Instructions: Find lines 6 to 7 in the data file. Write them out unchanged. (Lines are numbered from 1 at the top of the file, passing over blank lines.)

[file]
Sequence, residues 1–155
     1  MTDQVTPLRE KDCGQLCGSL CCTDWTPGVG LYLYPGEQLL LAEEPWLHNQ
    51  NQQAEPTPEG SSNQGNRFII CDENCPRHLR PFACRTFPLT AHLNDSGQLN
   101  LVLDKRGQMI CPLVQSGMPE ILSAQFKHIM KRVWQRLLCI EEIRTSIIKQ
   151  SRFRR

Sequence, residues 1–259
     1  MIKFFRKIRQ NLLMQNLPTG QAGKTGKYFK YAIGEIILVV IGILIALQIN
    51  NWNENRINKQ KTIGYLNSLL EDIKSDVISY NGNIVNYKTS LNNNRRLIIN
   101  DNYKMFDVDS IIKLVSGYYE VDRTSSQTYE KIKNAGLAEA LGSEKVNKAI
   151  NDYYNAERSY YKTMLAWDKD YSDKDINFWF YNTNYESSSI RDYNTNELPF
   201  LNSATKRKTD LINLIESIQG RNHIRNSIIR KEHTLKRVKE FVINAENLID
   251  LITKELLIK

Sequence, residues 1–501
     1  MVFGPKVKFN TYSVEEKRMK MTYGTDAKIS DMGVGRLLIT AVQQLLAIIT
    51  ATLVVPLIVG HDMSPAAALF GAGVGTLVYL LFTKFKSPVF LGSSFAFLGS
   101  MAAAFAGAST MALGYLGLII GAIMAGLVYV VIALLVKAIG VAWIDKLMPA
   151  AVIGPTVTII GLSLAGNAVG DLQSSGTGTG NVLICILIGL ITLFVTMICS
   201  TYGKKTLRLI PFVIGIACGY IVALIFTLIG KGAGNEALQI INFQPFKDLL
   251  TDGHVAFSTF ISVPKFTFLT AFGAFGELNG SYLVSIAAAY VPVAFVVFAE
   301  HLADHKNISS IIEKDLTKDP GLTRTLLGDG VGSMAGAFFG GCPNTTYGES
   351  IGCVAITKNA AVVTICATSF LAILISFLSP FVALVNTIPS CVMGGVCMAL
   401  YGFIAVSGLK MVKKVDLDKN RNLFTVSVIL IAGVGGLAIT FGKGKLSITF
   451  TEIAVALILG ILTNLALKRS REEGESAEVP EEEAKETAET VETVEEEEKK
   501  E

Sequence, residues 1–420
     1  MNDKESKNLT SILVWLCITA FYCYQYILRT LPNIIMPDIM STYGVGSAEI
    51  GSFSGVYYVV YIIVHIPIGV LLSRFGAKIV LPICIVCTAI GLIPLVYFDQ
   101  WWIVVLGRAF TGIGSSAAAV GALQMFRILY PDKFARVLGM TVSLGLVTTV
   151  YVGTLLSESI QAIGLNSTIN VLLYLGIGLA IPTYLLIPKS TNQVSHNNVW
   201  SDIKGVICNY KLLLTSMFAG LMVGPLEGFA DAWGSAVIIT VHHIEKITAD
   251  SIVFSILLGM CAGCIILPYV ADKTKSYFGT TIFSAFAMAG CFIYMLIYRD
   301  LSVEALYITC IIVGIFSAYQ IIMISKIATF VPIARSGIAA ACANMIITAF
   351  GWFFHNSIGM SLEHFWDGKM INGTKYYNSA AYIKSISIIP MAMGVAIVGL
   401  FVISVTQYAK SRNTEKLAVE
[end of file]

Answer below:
Sequence, residues 1–259
     1  MIKFFRKIRQ NLLMQNLPTG QAGKTGKYFK YAIGEIILVV IGILIALQIN